Sometimes you win, and sometimes you lose.

This is how life works. You cannot always get a medal just for participating. Sometimes you score a win, and sometimes you get a loss. This is how it is.

The problem that comes of this is not about competition, and it is not about whether you are on the winning end or the losing one. The issue to pay attention to is whether you are gracious or sore in victory or defeat.

There are a few small matters to attend to prior to this main topic, however.

We live in a universe of plenty. There is abundance for us all. The problem develops when the “haves” decide to become hoarders, and as such create the “have-nots”. We are led to believe that there is not enough for us, whether it is money, jobs, food, fuel, or what-have-you, and we give away our empowerment and continue this vicious cycle.

Then, to add insult to injury, we find ourselves in competition with one another. We compete for all these material things, and even worse for numerous immaterial things, and we fight against one another for all sorts of silly reasons. Some of these fights are small and interpersonal – and some involve whole groups of people committing war crimes.

We do not need to compete! There is enough for us all, the world is big enough and the universe is generous enough that we need not have competition between the supposed “haves” and the “have-nots”. Yet when certain individuals or groups or organizations come to power, they want to hold their power so tightly they create competition, and the next thing you know we are bickering back and forth about any number of personal issues we need not compete over.

I am not saying we should not hold competitions in the form of athletics and such. This is a different type of competition, and encourages personal growth and development. However, when we all jump in and choose sides and start to stand against the supporters of our favorite team’s opposition, we lose perspective rather swiftly.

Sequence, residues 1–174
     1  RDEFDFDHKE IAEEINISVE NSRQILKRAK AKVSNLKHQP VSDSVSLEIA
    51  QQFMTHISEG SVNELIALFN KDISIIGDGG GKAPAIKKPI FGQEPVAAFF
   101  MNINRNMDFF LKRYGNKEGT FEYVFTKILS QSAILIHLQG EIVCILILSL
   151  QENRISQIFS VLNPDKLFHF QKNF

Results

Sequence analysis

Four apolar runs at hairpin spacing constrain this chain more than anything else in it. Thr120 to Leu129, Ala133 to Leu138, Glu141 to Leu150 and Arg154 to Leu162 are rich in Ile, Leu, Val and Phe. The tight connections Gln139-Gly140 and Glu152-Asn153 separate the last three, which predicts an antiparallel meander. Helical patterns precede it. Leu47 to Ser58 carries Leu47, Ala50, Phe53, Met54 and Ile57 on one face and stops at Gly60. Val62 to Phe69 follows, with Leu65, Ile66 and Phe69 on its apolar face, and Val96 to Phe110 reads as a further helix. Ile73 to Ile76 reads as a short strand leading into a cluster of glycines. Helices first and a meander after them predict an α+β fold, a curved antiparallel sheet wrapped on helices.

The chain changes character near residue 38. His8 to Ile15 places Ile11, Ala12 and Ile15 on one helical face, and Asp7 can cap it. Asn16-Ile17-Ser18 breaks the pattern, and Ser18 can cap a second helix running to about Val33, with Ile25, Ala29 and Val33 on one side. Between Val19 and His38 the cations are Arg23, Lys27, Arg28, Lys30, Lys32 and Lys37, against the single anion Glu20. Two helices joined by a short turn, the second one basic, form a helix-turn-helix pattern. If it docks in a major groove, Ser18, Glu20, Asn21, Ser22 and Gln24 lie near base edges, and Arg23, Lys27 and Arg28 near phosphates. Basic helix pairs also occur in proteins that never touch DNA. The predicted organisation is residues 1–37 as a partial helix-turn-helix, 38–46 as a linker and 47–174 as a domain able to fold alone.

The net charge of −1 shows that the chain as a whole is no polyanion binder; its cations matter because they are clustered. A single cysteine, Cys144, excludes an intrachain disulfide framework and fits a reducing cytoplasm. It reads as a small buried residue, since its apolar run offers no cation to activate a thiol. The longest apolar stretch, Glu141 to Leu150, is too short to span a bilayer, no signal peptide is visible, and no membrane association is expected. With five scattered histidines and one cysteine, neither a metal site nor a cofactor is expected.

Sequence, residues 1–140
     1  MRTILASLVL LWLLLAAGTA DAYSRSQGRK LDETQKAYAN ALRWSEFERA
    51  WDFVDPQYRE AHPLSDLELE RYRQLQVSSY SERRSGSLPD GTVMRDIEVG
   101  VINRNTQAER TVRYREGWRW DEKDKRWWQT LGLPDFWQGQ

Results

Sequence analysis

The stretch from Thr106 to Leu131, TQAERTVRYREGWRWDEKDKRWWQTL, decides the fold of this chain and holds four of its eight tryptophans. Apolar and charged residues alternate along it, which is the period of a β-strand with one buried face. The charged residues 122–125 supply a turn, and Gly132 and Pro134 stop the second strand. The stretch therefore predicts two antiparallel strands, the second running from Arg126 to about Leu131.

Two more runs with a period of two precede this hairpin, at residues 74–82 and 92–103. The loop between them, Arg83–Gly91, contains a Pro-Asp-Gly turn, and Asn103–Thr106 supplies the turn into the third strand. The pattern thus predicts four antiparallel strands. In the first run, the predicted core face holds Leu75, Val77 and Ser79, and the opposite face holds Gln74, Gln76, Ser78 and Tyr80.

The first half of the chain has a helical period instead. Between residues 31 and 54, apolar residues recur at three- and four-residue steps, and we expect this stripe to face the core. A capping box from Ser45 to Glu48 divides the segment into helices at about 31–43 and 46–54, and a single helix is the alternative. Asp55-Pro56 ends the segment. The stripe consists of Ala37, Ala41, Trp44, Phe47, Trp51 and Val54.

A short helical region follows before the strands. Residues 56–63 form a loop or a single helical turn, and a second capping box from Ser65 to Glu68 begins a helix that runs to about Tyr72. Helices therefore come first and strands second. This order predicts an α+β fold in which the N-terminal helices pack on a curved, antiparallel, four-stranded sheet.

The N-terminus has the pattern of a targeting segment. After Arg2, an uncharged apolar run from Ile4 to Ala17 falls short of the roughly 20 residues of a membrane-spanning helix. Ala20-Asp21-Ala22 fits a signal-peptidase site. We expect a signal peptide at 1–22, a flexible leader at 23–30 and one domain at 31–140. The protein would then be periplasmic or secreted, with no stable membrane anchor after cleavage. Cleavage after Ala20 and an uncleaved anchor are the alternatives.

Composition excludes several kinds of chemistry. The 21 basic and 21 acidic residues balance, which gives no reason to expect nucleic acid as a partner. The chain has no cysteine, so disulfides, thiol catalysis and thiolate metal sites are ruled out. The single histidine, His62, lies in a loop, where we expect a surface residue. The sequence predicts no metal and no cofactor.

This does, however, bring me back around to my original point. Because there are going to be winners and losers, whether from a competitive act or the nature of life in general, what kind of winner or loser you choose to be has a tremendous amount of meaning and power.

Sore losers are not pleasant. They tend to whine, they tend to mope, they tend to throw the blame around and make everybody near feel miserable. They want sympathy, they want you to prop them up, and they want to make anyone they consider a winner feel low. Sore losers are, I think, why we have a problem nowadays with acknowledging those who are meritorious and deserving of accolades.

Equally unpleasant, however, are sore winners. They tend to whine, they tend to gloat, they tend to brag and tell you what a loser you are and make everybody feel miserable. They want attention, they want you to prop them up even higher, they want you to know they are better than you. They want the losers to pack it up and never compete against them again, unless, of course, they can win handily and frequently. Sore winners also cause those who do not win to think less of the meritorious and those deserving of accolades.